Peter Facinelli, Nikki Reed, Ashley Greene, Elizabeth Reaser and Jackson Rathbone The Twilight Saga: Eclipse Press ConferencePeter, you were the knight in shining armor vampire. How did you get around so quickly to save everybody?
Peter Facinelli: "Vampire speed. It’s interesting that you would say 'knight in shining armor'. It’s a matter of perspective because I sometimes feel like my kids don’t appreciate me, my Cullen kids. If you look at it from our side, he saved them, but if you look at it from a different point of view, it was kind of a selfish act in the sense that they didn’t have a choice in the matter. I know there’s at least two of them - I won’t name names [laughing] - they’re having a difficult time with me having transformed them. As Carlisle, it is a difficult thing. He goes back and forth between saying, 'Well, I tried to do something good there, but I’m not sure if I made the right decision because, again, they didn’t have a choice in the matter.''
For someone who hasn’t been a fan of the series, why would you recommend someone should go see this movie?
Ashley Greene: "I think because this one essentially has something for everyone, especially in Eclipse because the whole film is leading up to this battle. There’s a lot of action in this film. There’s a love triangle that’s been formed that only thickens in this one. You get a little bit of everything to heightened extremes."
Jackson Rathbone: "Definitely. They told us that in the third film of the Twilight franchise that the guys would get to have a lot more action and a lot more visceral vampire action, which is one of those things I think people are really going to dig. It’s what makes part of the darker side of the myth of the vampire world more exciting. I think it’s going to explode on the screen nicely."
Elizabeth Reaser: "I’m a fan of David Slade and I think it’s worth it just to see how dynamic what he’s done [is], from the very first moment with Xavier [Samuel]. Seeing all these new characters being introduced - Xavier and Bryce [Dallas Howard] who is not a new character, but a new actress and is so wonderful. You get to see their backstories. There’s so many amazing characters to follow that you can’t not get hooked, I think."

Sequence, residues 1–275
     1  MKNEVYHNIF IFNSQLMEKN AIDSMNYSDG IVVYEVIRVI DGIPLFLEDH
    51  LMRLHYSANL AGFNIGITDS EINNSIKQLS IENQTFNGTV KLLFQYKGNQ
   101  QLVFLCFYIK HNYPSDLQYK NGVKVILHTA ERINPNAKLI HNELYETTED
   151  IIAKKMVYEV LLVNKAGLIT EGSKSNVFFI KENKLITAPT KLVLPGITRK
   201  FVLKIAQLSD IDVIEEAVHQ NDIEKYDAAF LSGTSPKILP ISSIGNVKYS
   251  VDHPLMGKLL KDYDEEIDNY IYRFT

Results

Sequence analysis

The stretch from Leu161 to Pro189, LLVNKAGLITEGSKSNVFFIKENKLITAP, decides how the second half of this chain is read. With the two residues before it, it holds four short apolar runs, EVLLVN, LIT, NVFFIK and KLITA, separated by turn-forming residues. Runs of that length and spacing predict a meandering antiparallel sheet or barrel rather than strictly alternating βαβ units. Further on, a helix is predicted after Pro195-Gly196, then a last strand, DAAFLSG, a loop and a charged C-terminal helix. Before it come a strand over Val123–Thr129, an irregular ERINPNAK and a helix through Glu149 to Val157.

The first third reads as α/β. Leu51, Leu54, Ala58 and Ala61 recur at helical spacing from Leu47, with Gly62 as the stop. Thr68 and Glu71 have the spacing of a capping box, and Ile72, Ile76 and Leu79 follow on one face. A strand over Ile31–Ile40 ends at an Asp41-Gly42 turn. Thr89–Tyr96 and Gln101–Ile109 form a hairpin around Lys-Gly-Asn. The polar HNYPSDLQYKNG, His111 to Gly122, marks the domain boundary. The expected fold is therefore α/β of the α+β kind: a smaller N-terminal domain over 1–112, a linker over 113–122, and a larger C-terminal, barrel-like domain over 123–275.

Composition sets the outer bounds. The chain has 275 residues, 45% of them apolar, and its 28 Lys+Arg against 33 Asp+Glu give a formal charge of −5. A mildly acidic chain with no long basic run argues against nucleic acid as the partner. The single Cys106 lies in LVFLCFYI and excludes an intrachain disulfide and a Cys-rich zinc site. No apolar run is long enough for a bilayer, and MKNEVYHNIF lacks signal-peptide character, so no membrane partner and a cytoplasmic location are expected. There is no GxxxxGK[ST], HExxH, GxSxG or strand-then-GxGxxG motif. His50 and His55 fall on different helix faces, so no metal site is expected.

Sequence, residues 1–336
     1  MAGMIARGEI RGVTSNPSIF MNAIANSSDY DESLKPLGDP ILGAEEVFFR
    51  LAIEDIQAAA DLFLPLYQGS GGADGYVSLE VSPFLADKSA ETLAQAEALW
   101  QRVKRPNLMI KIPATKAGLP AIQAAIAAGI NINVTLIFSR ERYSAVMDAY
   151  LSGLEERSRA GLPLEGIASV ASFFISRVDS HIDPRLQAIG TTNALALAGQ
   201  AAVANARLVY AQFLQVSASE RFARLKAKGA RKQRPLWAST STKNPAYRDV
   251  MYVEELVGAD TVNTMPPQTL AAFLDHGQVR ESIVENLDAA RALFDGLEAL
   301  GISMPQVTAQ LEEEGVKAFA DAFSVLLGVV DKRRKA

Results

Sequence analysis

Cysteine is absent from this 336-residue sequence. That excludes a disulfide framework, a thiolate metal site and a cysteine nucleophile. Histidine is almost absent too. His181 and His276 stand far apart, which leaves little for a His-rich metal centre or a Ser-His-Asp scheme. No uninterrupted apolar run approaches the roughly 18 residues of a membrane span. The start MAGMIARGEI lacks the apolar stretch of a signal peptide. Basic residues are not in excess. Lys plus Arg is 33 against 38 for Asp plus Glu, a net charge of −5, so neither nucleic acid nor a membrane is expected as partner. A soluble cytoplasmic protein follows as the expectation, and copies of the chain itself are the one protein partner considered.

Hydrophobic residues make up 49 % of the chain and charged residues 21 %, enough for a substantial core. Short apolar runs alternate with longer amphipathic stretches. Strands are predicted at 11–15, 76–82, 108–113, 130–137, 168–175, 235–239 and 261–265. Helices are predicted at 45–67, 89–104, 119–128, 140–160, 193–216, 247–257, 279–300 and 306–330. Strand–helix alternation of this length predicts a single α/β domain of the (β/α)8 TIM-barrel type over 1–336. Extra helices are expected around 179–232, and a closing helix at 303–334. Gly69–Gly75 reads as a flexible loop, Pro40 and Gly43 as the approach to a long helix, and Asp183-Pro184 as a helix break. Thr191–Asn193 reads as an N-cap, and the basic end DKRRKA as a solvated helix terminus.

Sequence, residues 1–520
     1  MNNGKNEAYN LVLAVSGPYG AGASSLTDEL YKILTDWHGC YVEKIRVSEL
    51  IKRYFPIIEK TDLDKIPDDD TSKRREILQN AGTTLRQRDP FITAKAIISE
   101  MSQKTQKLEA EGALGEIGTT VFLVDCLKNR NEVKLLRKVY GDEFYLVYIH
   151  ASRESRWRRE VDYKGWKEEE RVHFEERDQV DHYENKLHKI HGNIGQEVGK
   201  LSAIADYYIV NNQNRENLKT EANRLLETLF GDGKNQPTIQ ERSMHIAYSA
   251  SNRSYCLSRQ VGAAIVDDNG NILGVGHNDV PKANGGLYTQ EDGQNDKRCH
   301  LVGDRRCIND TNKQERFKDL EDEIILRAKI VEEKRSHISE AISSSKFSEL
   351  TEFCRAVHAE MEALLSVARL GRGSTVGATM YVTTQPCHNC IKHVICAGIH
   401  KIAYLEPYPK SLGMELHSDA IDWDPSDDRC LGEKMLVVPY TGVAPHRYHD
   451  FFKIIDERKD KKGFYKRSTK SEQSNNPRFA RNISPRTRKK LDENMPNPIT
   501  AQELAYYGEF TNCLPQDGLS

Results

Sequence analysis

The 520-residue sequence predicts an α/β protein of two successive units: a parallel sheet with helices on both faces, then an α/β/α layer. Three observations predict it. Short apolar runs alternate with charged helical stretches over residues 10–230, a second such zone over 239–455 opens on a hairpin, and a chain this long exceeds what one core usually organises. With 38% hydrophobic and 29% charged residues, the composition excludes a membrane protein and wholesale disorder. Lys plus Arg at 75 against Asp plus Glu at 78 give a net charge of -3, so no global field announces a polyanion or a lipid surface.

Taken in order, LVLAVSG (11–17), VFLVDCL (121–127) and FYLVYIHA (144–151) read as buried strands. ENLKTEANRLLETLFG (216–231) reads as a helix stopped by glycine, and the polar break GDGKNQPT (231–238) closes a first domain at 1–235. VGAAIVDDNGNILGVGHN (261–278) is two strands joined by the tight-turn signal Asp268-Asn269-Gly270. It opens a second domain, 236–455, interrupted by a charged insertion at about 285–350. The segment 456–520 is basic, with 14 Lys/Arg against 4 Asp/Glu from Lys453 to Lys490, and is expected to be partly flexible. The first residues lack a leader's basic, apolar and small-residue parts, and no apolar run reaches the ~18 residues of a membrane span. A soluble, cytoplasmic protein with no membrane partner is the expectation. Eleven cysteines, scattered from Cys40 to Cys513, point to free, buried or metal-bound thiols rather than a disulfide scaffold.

Nikki Reed: "It’s so hard when you’re the fourth in line answering that. I think it deals with universal topics, not only this really intense, 'I would do anything, literally die for you,' kind of love that I think we’ve all felt at one point or another. Also, young characters such as Bella, her insecurities and stuff. With this film in particular, you get to learn a little bit more about some of the characters - like Rosalie and Jasper - [the characters that] the fans of the books know about. When you’re dealing with a screenplay, you really have to focus on what’s important, which is the love triangle. The rest of us feel like we’re screaming and clawing to show something."
Peter Facinelli: "I think that there’s a misconception with Twilight that it’s just for pre-teen and teenage girls and that guys won't go see it. When New Moon came out, it had more action and guys responded to that. Although they didn’t really want to admit it... It’s kind of like guys driving around singing and listening to Barry Manilow in their car, belting it out loud and then someone pulls up next to them and they pretend like they’re not. Now, with Eclipse, the action has gotten even greater. For me, as a male, it’s my favorite book because I love the all the action. Yet you still have this love triangle that’s heated up even more."
"It hits on a lot of different things. It has themes of vengeance, which is universal. You have themes of alliances being formed between two different families or covens or species or clans or mortal enemies that are teaming up for a common good, which I think is a great universal message. With those universal messages out there, with a family that you can relate to in the sense that they’re bonded and joined up for a common good, with the action and with this love story, it’s got a lot of things going on for a lot of different people."